Oliver, “Hinduism and the 1960s: The Rise of a Counter-culture”

In January, Bloomsbury Publishing will release “Hinduism and the 1960s: The Rise of a Counter-culture” by Paul Oliver (University of Huddersfield, UK). The publisher’s description follows:

The West has drawn upon Hinduism on a wide scale, from hatha yoga and meditation techniques, to popular culture in music and fashion, yet the contribution of Hinduism to the counter-culture of the 1960s has not been analysed in full.

Hinduism and the 1960s looks at the youth culture of the 1960s and early 1970s, and the way in which it was influenced by Hinduism and Indian culture. It examines the origins of the 1960s counter-culture in the Beat movement of the 1950s, and their interest in Eastern religion, notably Zen. When the Beatles visited India to study transcendental meditation, there was a rapid expansion in interest in Hinduism. Young people were already heading east on the so-called ‘Hippie Trail’, looking for spiritual enlightenment and an escape from the material lifestyle of the West. Paul Oliver examines the lifestyle which they adopted, from living in ashrams to experimenting with drugs, sexual liberation, ayurvedic medicine and yoga.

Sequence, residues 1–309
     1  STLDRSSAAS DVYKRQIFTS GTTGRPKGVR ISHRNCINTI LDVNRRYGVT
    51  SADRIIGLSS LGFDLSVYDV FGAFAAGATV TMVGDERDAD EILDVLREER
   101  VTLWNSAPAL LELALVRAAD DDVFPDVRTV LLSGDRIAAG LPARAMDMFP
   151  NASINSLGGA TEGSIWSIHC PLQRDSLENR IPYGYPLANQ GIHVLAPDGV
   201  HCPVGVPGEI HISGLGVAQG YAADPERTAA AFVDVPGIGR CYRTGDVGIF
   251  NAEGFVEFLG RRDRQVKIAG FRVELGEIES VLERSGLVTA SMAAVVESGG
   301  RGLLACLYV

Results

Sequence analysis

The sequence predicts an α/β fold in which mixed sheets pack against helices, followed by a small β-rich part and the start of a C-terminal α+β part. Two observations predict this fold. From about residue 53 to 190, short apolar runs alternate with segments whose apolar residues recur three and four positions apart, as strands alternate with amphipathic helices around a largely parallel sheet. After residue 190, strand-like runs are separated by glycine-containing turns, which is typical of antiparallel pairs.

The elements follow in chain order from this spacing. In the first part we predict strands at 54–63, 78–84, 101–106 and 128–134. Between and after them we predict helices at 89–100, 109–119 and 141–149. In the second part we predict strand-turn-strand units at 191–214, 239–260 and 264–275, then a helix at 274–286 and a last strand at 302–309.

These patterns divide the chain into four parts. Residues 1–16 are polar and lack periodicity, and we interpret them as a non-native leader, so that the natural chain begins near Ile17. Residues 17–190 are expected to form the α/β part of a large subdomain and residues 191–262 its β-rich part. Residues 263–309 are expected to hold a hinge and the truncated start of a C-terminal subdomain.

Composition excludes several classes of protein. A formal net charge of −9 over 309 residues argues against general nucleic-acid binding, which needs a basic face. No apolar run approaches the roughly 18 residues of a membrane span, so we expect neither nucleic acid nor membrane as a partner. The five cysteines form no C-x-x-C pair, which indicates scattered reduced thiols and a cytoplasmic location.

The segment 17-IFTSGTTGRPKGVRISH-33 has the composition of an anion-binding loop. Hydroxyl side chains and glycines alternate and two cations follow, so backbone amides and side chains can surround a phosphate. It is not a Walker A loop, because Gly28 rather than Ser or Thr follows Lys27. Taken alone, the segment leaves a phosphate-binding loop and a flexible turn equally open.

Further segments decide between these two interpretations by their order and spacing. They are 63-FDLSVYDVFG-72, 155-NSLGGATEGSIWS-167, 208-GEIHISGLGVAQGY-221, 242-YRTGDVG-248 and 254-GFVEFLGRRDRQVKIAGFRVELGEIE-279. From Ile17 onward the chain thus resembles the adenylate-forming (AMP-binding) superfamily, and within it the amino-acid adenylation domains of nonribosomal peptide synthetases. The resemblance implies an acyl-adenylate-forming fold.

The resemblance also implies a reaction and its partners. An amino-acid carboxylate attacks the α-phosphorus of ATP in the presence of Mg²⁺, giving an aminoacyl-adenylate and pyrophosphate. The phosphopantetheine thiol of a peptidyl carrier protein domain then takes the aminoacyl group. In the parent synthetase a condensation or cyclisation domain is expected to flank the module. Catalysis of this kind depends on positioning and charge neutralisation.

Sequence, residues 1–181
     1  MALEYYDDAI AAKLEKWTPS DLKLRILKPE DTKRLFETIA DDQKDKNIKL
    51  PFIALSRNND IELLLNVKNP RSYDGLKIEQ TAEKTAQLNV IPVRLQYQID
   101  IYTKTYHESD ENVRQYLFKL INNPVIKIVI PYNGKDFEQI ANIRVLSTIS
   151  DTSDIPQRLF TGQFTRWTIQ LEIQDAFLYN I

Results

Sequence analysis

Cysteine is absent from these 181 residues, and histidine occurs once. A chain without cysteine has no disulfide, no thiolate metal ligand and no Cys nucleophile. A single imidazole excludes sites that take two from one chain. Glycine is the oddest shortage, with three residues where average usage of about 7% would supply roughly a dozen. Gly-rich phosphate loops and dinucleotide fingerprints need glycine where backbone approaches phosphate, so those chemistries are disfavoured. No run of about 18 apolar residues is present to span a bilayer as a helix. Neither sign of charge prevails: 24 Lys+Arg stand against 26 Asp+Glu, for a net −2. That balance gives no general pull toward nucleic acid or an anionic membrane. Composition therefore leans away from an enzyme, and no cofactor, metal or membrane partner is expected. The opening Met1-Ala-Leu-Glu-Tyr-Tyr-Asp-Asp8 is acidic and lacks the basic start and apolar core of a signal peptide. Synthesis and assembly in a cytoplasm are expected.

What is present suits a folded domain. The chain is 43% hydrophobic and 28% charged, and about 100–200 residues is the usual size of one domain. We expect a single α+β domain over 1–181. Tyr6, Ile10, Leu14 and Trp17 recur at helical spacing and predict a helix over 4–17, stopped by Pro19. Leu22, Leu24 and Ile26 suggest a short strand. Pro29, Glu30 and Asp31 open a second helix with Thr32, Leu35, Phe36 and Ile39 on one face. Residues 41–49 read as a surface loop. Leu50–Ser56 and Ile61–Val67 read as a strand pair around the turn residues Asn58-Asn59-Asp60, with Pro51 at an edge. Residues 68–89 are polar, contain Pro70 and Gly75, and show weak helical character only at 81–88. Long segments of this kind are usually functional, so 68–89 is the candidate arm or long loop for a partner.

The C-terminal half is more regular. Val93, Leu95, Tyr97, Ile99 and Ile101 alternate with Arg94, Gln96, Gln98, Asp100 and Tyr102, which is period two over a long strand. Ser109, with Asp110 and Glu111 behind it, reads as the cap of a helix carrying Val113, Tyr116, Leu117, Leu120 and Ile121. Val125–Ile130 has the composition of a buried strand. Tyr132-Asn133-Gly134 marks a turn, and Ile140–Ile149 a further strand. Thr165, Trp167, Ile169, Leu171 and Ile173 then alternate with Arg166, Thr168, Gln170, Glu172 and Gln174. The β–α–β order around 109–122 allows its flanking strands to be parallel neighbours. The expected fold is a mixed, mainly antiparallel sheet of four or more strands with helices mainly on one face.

This engaging book analyses the interaction between Hinduism and the West, and the way in which each affected the other. It demonstrates the ways in which contemporary Western society has learned from the ancient religion of Hinduism, and incorporated such teachings as yoga, meditation and a natural holistic lifestyle, into daily life. Each chapter contains a summary and further reading guidance, and a glossary is included at the end of the book, making this ideal reading for courses on Hinduism, Indian religions, and religion and popular culture.

Shows about Nothing: Is Popular Culture Nihilist?

Last month, Thomas S. Hibbs, Professor of Ethics and Culture and Dean of the Honors College at Baylor University, published the second edition of his Shows about Nothing: Nihilism in Popular Culture (Baylor), which updates—with reference to new television programs, films, and books—the volume’s first edition (Spence 1999).  Hibbs sees underneath much of popular culture a “Nietzschean framework of nihilism” whereby no ethical right and wrong can be discerned.  In this popular culture, according to Hibbs, we see the fulfillment of Nietzsche’s prediction that moral emptiness is an inevitable result of liberal democracy.  Whether Hibbs is correct—that popular art’s refusal to give morally definite conclusions necessarily implies an abandonment of morality rather than artistic reflection of the moral ambiguity in the world it depicts—is debatable (and perhaps to no end:  Does art reflect life, or life art?—as Oscar Wilde pointedly asked), but his book certainly raises interesting considerations, specifically in relation to a popular culture rarely subject to such inquiry.

Please follow the jump for the publisher’s description. Read more